Outteridge and Gulari extend
The Syz & Co Moth Europeans' 85 participants were thrilled to see the sun today. The lake looked like a postcard, with electric blue sky, turquoise coloured water and more than 20 knots of wind.
Nathan Outteridge and Bora Gulari once again dominated the race, but Switzerland's Arnaud Psarofaghis made a great come-back today moving up to fourth place overall.
The foiling Moth provided an incredible spectacle with their aggressive lines and sailing flat out over the waters of Lake Silvaplana. The three races of the day took place under splendid conditions. A first tough race with a 20 knot maloja wind was followed by an even windier second race, calming down for the last race and allowing the less experienced competitors to finish the day on a smoother note.
Arnaud Psarofaghis, double European champion and title holder, said: “I tried to make simple tactical moves and that’s what works the best for me.” Always within close distance of the best world champions, the Geneva-based sailor explained: “It is very stimulating to sail with these guys… It motivates me to find ways to overtake them. I do not go over any detail. There are meters to be gained in all fields, at the tactical level and at the speed level."
Swiss-German Matthias Renker, from Lake Thun, performed very well today with a 5th and two 8th places. This discrete sailor has just won the Italian Championships on Lake Garda at the beginning of the month. “I tried to take good starts and to leave with the best. The timing is crucial: it is important to start flying quickly, because if not, one is soon overtaken by the fleet, and then, it is impossible to recover” saild Renker. “It’s great fun to sail here. More than 80 boats, it is fantastic… On the Lake of Thun, I am the only one sailing a Moth!"
Full results here
Before racing today World Champion Simon Payne told thedailysail how up until last weekend it had been rainy at the venue, how it is fiendishly cold and everyone is wearing their winter wetsuits and how those who thought they could camp have had to rethink. Conditions became more summery today and are supposed to hold for the remainder of the regatta.
Today four races were scheduled, to make up for lost races earlier in the week, but in fact, as stated above three were held, presumably to Payne's relief: "that’s too much in these conditions – that is like 20 beats a day.It is nice breeze right now, it has been a gradient breeze so it has been very gusty."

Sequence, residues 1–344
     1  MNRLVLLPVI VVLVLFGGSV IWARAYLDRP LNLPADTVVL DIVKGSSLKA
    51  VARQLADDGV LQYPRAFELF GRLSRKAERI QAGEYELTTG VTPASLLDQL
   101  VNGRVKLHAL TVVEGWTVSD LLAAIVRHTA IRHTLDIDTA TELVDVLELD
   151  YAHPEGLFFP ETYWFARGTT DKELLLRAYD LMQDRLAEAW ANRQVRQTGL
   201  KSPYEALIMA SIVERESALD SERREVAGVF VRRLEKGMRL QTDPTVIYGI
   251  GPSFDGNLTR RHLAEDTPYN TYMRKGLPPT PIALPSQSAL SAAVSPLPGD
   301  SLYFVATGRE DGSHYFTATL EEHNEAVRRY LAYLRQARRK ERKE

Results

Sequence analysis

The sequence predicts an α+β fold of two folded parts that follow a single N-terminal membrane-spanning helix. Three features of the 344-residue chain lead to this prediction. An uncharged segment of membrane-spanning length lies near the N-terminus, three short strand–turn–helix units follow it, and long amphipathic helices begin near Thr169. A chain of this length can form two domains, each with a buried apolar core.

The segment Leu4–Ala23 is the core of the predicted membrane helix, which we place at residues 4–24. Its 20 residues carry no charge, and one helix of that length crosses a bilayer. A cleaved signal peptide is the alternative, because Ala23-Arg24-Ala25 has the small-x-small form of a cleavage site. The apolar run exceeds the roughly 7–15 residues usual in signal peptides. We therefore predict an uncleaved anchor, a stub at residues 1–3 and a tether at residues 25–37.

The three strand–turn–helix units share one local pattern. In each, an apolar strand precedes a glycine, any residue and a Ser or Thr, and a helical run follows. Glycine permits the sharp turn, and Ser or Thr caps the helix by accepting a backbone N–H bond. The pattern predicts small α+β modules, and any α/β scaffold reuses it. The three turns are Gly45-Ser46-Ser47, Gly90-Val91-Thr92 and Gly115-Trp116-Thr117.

Over the last two days the breeze has been up around the bottom mark but lighter at the top mark. They managed some serious speeds: "I had a 26.8 knot 10 second average, going down one run on one leg. The other guys were getting high spikes at 29 knots. That is big numbers coming into a leeward mark."
However racing on a Swiss lake has been an eye-opener: "The finish line is little tributary on this lake and it is about 20m wide and you think you should see grizzlies catching salmon! Getting into that finish after you have been racing in big breeze is really tricky, whether you can foil or whether you can’t. It is wierd, but that’s the rules."
As was the case at the Worlds, the top end of foiling Moth class continues to err towards becoming a one design with the Mach 1 featuring a KA sail becoming the standard kit. "A lot of the guys like Nathan and Scott have had new boats shipped straight here. They have tweaked them a bit but they are pretty stock.
"Because the water is very cold, a lot of people are struggling with ventilation on the foils which is not so bad on a Mach 2, but it can be pretty tough on a Bladerider or something like that."
So why is Nathan Outteridge doing so well? "The guy is a professional sailor. He is sailing better. It is very shifty because it is gradient breeze and he is picking the shifts better. But it is all really close. From my perspective I have done some stupid things. Yesterday I was second around the last mark three times and once I had a boat problem and I had to stop. The others I just lost out..."